When there are no historic precedents, psychological factors become crucial. People are anchoring at round numbers and expect trends to continue.

For example, when the price of Bitcoin exceeded 1K, people set their sights on 3K. Once it broke 3K, people looked to 5K as the next frontier… After 5K was taken, people expected the price to go up to 10K. Then 15K and 20K become the natural targets.

The next anchors for Bitcoin could be 30K, 40K, 50K, and so on. These are the pretty numbers where people naturally focus their attention.

Since people are looking at round numbers, the financial media will also write about them, bringing even more eyeballs. This works if the price is going to levels that haven’t been seen before.

The same logic applies to critical levels for new tokens. Investors are looking at 5x, 10x, 15x, and 30x the token sale price, which is also often a round number. A level of 21.52x is not something traders would focus their attention on.

For listed tokens quoted in BTC, the round numbers of interest would be 100 sats, 500 sats, 1K sats and so on.

Forecasting market turning points

When you see exponential movements in asset prices, you should remember that this will eventually end. Nothing grows for a long time at an exponential rate (except perhaps for a population of rabbits!?)

For example, the price of Bitcoin was increasing exponentially in the bull market of 2017 — this is not sustainable. Every time a new high is reached, even more buyers and money are needed to break through to the next level. Of course, at every new resistance level, more and more people want to sell and take their profit. Investors who bought at $1,000 can already sell at $10,000 at a decent profit.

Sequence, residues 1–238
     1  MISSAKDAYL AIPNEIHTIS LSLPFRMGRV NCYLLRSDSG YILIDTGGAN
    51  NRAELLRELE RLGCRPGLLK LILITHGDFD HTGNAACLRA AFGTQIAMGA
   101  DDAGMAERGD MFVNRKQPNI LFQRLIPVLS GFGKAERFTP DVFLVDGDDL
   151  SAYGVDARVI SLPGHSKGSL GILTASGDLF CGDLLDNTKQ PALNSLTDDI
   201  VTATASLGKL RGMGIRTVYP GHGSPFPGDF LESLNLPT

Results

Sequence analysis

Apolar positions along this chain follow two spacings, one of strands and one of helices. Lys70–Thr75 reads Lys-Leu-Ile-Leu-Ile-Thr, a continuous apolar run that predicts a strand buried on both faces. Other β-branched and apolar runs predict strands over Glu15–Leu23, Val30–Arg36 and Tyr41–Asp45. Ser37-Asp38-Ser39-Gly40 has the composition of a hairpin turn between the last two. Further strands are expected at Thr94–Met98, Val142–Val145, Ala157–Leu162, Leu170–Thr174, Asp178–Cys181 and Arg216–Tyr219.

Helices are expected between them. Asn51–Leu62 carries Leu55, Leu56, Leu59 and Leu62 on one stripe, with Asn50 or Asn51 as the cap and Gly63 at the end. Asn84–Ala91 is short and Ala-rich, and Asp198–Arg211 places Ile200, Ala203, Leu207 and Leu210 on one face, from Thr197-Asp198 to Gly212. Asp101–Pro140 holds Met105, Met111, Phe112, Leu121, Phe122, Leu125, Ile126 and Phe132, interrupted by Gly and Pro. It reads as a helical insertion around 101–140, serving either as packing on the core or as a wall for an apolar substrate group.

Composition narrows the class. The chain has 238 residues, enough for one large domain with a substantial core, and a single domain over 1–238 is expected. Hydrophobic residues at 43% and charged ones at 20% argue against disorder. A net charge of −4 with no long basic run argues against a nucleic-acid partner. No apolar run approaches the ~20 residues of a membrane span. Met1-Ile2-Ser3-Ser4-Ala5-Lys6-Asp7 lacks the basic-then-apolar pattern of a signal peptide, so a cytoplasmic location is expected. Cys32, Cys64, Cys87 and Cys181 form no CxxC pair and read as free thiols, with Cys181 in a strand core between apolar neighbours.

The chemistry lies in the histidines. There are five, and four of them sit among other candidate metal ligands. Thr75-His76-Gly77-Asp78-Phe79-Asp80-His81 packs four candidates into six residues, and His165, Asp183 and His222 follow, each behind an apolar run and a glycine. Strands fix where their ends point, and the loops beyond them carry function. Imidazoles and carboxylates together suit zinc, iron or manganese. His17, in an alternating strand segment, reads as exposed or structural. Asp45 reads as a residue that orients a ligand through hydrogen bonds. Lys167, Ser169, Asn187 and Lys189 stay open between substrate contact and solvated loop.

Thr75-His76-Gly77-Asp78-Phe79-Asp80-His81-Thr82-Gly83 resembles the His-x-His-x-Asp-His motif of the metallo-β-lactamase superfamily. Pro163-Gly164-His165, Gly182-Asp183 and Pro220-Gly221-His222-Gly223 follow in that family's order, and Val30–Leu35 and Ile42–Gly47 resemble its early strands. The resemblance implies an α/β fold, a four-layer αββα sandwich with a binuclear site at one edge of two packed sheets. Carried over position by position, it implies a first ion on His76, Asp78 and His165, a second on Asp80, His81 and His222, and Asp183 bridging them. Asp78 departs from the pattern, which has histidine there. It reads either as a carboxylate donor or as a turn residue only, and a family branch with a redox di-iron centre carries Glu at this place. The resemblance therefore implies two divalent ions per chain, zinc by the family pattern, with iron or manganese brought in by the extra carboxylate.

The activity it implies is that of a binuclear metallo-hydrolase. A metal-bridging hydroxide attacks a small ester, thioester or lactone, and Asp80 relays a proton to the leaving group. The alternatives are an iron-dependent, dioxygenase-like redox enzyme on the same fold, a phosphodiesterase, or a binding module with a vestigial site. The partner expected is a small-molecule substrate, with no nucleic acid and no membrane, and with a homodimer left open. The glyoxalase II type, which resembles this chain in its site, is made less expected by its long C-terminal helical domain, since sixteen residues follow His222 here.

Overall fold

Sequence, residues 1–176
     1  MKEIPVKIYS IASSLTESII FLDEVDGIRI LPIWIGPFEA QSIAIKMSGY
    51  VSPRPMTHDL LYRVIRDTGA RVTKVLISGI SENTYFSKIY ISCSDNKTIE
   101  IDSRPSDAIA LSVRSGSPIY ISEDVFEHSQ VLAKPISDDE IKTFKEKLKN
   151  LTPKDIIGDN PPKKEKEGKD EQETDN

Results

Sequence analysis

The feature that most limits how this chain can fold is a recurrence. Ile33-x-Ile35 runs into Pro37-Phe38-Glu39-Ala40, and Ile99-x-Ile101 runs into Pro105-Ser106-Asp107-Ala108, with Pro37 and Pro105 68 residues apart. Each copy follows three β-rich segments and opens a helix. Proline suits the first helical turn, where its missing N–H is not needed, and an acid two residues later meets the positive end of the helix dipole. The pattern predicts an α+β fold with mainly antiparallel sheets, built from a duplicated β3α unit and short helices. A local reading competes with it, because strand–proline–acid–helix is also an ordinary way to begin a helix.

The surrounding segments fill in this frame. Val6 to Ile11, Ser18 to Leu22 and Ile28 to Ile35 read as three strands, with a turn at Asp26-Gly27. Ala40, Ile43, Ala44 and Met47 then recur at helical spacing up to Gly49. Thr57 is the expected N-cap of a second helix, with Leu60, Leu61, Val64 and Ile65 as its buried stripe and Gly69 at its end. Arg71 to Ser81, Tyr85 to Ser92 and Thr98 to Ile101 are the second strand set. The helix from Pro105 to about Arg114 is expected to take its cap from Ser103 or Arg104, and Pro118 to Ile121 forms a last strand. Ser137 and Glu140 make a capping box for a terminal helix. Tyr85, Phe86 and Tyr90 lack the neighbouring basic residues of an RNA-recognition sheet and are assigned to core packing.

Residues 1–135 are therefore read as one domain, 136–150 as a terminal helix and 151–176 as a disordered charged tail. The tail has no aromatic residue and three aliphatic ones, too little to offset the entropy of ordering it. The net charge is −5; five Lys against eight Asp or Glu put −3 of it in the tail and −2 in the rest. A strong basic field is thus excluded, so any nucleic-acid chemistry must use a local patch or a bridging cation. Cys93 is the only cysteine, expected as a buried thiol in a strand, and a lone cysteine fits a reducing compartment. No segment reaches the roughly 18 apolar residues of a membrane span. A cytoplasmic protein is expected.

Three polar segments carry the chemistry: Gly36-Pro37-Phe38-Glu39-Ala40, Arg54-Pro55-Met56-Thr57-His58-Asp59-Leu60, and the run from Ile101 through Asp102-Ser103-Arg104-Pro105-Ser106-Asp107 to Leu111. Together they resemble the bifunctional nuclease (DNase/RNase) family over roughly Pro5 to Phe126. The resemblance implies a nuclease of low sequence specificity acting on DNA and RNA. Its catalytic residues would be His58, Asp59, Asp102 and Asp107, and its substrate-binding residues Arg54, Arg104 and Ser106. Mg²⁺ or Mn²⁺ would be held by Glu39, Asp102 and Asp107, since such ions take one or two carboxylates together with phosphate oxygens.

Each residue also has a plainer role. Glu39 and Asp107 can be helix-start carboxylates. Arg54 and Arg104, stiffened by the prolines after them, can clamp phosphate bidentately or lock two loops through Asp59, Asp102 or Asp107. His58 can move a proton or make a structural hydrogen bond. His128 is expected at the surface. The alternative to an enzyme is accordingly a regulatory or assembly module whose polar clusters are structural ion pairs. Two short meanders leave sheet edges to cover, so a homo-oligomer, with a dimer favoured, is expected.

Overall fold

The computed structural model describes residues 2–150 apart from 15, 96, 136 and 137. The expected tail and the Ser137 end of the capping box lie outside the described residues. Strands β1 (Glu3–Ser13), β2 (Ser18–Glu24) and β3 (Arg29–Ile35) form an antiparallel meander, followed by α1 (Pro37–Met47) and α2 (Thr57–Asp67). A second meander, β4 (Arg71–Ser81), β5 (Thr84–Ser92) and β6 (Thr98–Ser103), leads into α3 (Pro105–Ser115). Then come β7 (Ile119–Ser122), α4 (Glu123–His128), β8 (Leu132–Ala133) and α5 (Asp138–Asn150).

By looking at a chart it is possible to (approximately) forecast the top or bottom. Certain patterns emerge around these points.

For example, at the top there is often a huge (relative to previous action) green candle. After the last buyers give up, there is often an even bigger red candle with a long wick at the top.

There are hundreds of chart patterns you can find in books and online courses, but it’s more important to understand what happens in the market. At a given high price (the red candle’s wick, i.e. the period’s high), the buyers stop buying, while even more sellers try to sell to take profit or short sell. The price falls sharply, the panic starts, and even more people decide to close positions.

Similar patterns (it’s often called ‘engulfing’) also emerge at the bottom.

Here is an example of a bullish instance of engulfing from 26 December 2018 when an equity sell off was reversed:

This has been less obvious in the crypto markets, but when BTC reached $3,500 in January 2019, we began internal discussions on the end of the Bitcoin bear market. The downturn was slow and prolonged, but there were no longer any new lows.